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Habitat Management, Research and Monitoring at Monongahela National Forest

Golden-winged Warbler habitat range allotment on the Monongahela National Forest; photo by K. Aldinger
Managers at the Monongahela National Forest (MNF) in West Virginia are continuing their emphasis on managing early successional habitat (ESH) for multiple species, focusing on sensitive non-game species like Golden-winged Warbler as well as game species such as the Ruffed Grouse, American Woodcock, and Wild Turkey. MNF is continuing its partnership with West Virginia University and the West Virginia Department of Natural Resources in studying the effects of ESH manipulation on Golden-winged Warblers as part of a broader, range-wide research program for the species. While ESH is uncommon on the Forest and is in decline throughout the species’ range, results indicate that low intensity livestock grazing allotments can be successfully managed to provide habitat for Golden-winged Warblers and other ESH bird species on high-elevation sites.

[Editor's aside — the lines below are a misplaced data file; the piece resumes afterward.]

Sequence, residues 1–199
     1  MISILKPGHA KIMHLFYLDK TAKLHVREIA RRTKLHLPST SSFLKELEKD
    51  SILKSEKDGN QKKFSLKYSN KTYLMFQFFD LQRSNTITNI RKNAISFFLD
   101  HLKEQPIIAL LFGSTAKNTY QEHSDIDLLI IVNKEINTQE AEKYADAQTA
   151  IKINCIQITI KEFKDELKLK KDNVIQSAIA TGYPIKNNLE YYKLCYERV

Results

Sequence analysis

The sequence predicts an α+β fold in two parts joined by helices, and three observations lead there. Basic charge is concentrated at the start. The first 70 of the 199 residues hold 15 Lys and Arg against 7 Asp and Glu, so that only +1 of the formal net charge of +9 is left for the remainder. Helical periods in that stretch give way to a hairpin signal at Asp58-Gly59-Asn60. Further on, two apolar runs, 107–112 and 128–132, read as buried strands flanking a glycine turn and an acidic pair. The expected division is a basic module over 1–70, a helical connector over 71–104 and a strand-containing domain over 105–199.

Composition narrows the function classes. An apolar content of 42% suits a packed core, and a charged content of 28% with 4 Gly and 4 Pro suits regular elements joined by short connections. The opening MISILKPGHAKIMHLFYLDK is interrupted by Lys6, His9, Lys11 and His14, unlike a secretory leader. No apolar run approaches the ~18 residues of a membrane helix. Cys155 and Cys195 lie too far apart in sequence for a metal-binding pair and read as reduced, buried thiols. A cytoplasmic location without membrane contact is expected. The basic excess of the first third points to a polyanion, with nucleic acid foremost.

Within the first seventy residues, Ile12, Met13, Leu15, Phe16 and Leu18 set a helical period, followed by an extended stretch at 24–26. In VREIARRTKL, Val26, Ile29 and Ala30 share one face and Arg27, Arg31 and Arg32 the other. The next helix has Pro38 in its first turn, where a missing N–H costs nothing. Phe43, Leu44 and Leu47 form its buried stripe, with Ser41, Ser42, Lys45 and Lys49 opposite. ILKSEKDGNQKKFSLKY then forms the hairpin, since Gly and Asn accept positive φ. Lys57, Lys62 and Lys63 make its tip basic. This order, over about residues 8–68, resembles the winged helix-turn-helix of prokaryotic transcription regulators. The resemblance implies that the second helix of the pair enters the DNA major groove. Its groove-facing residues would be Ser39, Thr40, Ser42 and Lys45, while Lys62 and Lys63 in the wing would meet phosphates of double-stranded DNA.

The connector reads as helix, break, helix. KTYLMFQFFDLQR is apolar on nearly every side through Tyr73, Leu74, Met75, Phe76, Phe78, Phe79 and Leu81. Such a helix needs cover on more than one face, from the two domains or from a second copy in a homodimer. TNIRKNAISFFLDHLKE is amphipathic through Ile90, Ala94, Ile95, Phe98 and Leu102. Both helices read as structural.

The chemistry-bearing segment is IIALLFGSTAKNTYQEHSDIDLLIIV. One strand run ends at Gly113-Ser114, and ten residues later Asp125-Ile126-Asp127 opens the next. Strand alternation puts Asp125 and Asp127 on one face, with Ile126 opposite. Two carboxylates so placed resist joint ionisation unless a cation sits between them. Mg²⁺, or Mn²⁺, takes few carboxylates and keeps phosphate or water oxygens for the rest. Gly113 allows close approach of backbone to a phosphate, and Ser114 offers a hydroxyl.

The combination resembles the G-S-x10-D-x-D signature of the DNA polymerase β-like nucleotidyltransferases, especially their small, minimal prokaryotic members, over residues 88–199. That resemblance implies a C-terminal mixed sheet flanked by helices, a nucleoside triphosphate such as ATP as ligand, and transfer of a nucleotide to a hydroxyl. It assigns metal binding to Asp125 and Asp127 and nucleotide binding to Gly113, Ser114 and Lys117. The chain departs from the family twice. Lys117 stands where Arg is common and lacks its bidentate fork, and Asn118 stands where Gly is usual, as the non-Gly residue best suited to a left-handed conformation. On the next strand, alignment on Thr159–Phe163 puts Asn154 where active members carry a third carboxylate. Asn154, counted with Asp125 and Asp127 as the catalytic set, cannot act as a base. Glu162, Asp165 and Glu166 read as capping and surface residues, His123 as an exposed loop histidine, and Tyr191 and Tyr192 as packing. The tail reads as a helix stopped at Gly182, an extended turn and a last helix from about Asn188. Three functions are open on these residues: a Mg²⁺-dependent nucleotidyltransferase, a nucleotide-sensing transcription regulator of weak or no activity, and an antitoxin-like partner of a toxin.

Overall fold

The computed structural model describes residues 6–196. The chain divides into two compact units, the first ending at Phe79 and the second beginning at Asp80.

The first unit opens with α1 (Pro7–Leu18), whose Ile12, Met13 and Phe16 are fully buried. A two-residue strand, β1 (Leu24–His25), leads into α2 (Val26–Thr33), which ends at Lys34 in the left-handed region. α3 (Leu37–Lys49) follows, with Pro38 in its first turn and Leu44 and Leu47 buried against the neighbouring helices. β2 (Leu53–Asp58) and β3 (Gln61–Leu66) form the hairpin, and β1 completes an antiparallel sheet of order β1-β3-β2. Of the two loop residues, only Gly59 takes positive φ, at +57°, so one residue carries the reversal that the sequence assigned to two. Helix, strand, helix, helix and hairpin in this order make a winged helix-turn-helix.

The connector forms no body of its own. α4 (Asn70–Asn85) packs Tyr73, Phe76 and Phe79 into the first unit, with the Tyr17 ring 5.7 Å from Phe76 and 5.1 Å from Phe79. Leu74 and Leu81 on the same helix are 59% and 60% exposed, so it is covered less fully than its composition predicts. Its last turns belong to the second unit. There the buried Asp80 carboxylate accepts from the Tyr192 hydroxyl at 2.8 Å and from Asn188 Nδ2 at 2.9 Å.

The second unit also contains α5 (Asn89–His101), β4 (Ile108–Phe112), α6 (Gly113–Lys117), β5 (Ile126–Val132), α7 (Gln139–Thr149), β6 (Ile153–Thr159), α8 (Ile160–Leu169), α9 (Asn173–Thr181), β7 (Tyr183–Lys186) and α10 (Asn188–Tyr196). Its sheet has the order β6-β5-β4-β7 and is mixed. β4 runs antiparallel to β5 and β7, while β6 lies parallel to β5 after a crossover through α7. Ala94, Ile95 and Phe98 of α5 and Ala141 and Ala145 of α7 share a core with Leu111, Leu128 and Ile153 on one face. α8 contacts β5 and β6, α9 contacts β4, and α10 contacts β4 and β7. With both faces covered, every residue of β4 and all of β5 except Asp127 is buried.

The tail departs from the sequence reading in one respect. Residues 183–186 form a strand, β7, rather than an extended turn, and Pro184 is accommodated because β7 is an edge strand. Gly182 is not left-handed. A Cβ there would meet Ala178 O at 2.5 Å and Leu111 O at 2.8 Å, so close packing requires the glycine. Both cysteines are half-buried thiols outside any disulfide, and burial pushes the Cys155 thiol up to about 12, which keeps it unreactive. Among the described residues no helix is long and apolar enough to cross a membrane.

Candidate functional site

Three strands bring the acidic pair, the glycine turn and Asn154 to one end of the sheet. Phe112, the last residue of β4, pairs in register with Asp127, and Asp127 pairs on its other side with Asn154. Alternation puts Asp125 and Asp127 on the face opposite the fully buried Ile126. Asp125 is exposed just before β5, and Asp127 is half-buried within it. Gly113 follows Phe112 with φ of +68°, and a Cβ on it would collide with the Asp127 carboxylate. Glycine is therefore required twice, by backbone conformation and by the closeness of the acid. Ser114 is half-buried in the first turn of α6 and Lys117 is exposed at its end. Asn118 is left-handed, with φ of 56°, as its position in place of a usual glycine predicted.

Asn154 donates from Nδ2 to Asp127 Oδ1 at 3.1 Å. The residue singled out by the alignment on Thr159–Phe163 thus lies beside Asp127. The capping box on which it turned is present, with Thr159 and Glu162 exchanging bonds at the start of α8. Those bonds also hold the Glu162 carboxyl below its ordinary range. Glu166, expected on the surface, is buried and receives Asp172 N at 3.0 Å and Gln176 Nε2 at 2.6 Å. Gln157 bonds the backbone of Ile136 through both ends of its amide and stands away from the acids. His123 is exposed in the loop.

Results have provided MNF with management guidance for these areas. In 2010, habitat management was implemented on over 300 acres of the MNF’s range allotments known to support Golden-winged Warblers. Over 1,500 acres of additional ESH were also managed on the MNF using a variety of techniques to benefit both game and non-game species, with annual breeding bird point count surveys, Ruffed Grouse drumming surveys, and Woodcock singing ground surveys conducted to assess the results of management.